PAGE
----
Ulrike E. Narwani

cherry blossom
after cherry blossom
dawn’s slow light

Ulrike E. Narwani
North Saanich, British Columbia

Congratulations on having your haiku selected as the top winner in the British Columbia category in the Vancouver Cherry Blossom Festival’s 2020 Haiku Invitational contest. How did you first learn about haiku, and how much writing of haiku or other poetry have you done?

I began to take an interest in haiku after meeting Terry Ann Carter, past president of Haiku Canada, at the Planet Earth Poetry reading series in Victoria in 2014. Her book Lighting the Global Lantern: A Teacher’s Guide to Writing Haiku and Related Literary Forms helped provide much-needed insight. I joined Victoria’s Haiku Arbutus study group, founded and facilitated by Terry Ann. This group has been of tremendous help by providing feedback on haiku, information about workshops, and readings, by bringing in a variety of haiku speakers, many well-known, and in general connecting us with the wider haiku world. I am also a member of Haiku Canada. This organization publishes the Haiku Canada Review, which is a great resource, and a real pleasure to read. I am both a lyric and a haiku poet. I’ve been writing poetry for the past fifteen years, haiku for about five. These strands of poetry seem to run on parallel tracks, which I’m trying to bring closer together. My haiku have been published in anthologies and chapbooks, such as Erotic Haiku: Of Skin on Skin, Last Train Home, and Ion Codrescu’s book of haiga, The Wanderer Brush. I included haiku in my debut book of poems, Collecting Silence (Ronsdale Press, 2017).


What was the inspiration for your winning poem?

My cherry blossom haiku came to mind one early morning. I sat sipping my coffee, looking out as usual over the garden. The garden is large and slopes down to an old cherry tree behind which rise tall cedars, pine, and Douglas fir. I watched as dawn’s pale pink reached past the row of black trees, lit the first cherry blossoms, and then gradually transformed all the others. The whole tree finally shone as if set alight with dawn from within. A cheerful vision for any dark day.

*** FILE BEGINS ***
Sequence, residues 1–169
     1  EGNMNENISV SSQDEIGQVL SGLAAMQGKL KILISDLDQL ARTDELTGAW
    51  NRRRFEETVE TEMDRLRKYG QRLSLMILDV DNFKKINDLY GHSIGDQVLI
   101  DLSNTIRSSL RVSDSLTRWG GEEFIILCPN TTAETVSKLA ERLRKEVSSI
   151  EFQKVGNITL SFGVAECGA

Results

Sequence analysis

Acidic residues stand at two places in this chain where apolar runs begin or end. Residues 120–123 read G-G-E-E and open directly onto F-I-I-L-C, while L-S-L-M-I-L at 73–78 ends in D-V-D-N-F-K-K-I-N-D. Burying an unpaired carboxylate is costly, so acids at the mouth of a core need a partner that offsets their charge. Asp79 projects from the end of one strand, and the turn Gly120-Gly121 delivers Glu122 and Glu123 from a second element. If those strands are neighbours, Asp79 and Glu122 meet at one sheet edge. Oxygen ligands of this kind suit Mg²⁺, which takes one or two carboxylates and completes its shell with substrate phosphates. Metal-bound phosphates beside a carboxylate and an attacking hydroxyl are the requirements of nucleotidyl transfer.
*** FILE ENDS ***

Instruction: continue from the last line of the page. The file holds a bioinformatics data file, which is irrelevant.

Describe the moment when you first learned you had won.

I caught my breath—can it be? Then I went over everything slowly again, word for word, to confirm the reality of that. It was only after reading the judge’s comments that I felt, yes, my haiku had reached across. The win is real. Then I raced downstairs to my husband and son shouting all the way. Guess what, guess what, you won’t believe it, I hardly believe it, but my haiku has won the VCBF haiku contest, for all of BC. The shouting continued for a bit, hands pumping the air. There was lots of hugging. When I finally settled down, I printed the announcement. Made it touchable.


Do you have favourite books or websites relating to haiku that others might benefit from in order to learn haiku as a literary art and to share one’s haiku?

My favorite book for learning haiku is the one I mentioned by Terry Ann Carter. Another book, a small one, that I found inspiring, edited by Terry Ann, was Deep Breath: A Book of Haiku Evolution. As the title suggests, it illustrates, in back-and-forth discussions with other haiku poets, the gradual maturing of a haiku into its final form, a process useful for one’s own thinking. I would also suggest joining a local haiku group to share, discuss, and learn haiku together, and above all to be surprised and encouraged. In a chapter of her recently published and so interesting book, Haiku in Canada: History, Poetry, Memoir, Terry Ann discusses all the regional groups of Haiku Canada, which might help in finding one, at least in Canada. In an appendix, she also lists useful websites. A couple of haiku sites I would recommend are www.theheronsnest.com and www.dailyhaiku.org. A book of haiku that I recently enjoyed was The Signature Haiku Anthology, Including Senryu and Tanka, edited by Robert Epstein, a signature haiku being one that you “consider your favorite and/or has been published the most.” An added pleasure, besides the delightful haiku, was reading the commentary of the poets on why they feel their chosen haiku is so special. I am at present beginning to explore haiku in the wider context of haibun, which connects a short piece of prose with a haiku, and haiga, which choruses haiku with art. I loved Terry Ann’s book of haibun, Tokaido, and Marco Fraticelli’s A Thousand Years. Finally, there is Ion Codrescu’s book of haiga The Wanderer Brush. It is a delight for the eye and mind with the beautiful interplay between haiku and the ink-brush strokes of Ion’s sumi paintings.